It must have seemed like a good idea at the time. When the Russian energy giant Gazprom set up a joint venture with a Nigerian company to develop natural gas resources in Nigeria, they chose a name that from the point of view of Russian seems obvious and unexceptionable: Nigaz, i.e. Nigeria + Gaz. They would have expected to pronounce it in Russian as ˈnʲiɡas, -ɡəs and in English as ˈnaɪɡæz.
As commentators pointed out, it seems unlikely that an English speaker was in the room when they chose it — even though all educated Nigerians speak English.
Because the natural way to read this spelling in English is as ˈnɪɡəz, just like niggers. And that is not a respectful way for the Russians to refer to their African partners.
‘Nigaz’ is yet to feature on Gazprom’s website, which does confirm the formation of its partnership with NNPC but interestingly, offers no name for the new enterprise.
I blame the ambiguity of the English spelling system, where the letter i can often arbitrarily stand for aɪ or ɪ. Just like in the word(s) wind.
Evidently originally short [ɪ] was lengthened before [nd], but why only in some words? Is the answer known?ReplyDelete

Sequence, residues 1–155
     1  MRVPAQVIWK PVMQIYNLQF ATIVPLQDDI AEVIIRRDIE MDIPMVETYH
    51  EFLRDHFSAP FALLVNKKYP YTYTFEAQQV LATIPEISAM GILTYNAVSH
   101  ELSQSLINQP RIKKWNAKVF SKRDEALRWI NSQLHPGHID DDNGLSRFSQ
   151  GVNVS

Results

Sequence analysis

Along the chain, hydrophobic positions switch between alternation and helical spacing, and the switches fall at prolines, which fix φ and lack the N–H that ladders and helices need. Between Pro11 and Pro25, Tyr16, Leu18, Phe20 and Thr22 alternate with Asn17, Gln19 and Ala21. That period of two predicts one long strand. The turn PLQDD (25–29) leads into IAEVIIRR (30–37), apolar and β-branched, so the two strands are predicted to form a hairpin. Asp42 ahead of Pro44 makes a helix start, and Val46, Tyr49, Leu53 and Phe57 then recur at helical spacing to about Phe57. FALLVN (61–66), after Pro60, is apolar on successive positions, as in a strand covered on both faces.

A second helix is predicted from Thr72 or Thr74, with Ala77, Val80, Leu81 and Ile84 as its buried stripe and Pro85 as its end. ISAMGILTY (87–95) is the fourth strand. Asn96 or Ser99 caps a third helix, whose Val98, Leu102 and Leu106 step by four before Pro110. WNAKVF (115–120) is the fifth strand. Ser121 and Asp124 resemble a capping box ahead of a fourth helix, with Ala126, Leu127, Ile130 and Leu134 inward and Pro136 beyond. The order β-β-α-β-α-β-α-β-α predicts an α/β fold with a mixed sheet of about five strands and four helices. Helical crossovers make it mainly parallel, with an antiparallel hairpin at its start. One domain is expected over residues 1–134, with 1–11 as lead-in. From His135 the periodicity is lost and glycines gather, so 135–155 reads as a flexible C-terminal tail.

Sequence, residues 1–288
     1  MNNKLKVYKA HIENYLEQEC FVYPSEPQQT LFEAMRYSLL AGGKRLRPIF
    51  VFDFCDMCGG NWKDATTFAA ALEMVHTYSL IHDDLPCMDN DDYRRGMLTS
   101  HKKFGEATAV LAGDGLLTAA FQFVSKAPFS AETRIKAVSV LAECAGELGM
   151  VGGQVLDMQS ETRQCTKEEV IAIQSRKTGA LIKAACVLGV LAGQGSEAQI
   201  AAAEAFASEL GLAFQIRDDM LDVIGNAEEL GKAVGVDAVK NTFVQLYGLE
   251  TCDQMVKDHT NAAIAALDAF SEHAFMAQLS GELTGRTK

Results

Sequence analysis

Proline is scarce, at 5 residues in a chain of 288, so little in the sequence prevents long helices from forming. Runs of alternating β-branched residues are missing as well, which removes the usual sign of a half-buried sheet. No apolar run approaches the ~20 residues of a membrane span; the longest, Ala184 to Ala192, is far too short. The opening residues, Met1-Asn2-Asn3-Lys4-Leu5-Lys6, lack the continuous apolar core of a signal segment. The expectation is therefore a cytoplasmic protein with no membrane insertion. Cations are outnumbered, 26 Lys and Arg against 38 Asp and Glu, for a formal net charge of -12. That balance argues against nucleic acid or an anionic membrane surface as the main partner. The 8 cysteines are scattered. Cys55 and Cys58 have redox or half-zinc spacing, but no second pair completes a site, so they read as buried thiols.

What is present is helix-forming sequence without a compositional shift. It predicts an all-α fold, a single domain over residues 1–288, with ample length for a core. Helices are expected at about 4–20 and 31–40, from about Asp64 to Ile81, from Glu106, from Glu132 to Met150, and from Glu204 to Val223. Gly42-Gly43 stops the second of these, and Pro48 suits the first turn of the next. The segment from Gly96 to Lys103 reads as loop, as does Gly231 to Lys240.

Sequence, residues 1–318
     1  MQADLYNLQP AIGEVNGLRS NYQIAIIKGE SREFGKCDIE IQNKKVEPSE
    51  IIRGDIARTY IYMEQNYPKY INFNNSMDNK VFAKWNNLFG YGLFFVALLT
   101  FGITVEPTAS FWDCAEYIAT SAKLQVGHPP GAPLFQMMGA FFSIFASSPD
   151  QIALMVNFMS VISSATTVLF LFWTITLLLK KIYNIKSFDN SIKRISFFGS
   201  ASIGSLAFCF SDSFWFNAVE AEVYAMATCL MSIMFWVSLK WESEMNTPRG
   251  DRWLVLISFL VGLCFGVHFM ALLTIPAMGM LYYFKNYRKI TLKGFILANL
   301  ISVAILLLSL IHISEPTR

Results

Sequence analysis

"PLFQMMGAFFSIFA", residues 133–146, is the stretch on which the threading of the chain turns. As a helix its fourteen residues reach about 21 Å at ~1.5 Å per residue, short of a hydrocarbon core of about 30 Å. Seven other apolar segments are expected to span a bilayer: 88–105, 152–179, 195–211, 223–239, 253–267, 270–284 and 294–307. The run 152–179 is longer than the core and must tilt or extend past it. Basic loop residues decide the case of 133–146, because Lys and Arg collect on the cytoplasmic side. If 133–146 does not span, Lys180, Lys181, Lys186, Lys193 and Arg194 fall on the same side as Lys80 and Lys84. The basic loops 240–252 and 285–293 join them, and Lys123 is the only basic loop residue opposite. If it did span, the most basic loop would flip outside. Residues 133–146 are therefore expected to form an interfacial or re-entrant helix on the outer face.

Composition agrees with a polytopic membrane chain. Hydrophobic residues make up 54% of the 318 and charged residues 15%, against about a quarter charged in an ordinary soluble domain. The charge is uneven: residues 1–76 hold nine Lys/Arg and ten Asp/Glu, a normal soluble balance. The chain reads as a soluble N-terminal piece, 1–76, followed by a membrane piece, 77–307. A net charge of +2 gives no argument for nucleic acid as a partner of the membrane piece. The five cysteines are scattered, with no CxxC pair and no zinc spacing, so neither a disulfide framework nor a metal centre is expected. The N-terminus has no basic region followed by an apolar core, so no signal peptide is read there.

Regularized Inglish adds a new final -e to these words, writing childe, finde, blinde, minde, and winde alongside wind.
What a problem!ReplyDelete
Are Nigerians aware of the fact that black people are derogatively called "niggers" in some places?
According to letter-to-sound rules, the 'i' in Nigaz is in free position, that is it should be pronounced /aɪ/. Or am I wrong? Just because it shouldn't be ambiguous this way...ReplyDelete
I agree with Custos. "niggers" can be regularly written "niggas" but not "nigas".ReplyDelete
"ig" is also ambiguous. Cf "tiger" and "bigot"ReplyDelete
@Custos: yes, you're wrong. For the spelling -igV- we have ɪ in bigot, brigand, frigate, rigo(u)r, spigot, vigo(u)r, Wigan, but aɪ only in tiger.ReplyDelete
Well, I didn't know that. It must be a type of tenseness revearsal (second-last syllable becomes lax).ReplyDelete
Custos, you aren't from Hungary, are you?ReplyDelete
I am. Why?ReplyDelete
:) I'm from Hungary, too. I thought you were, because only Hungarians have to learn crap like "tenseness reversal". And they live in the illusion that English spelling is regular :)ReplyDelete
True. :) But it is regular... in its own way. :)ReplyDelete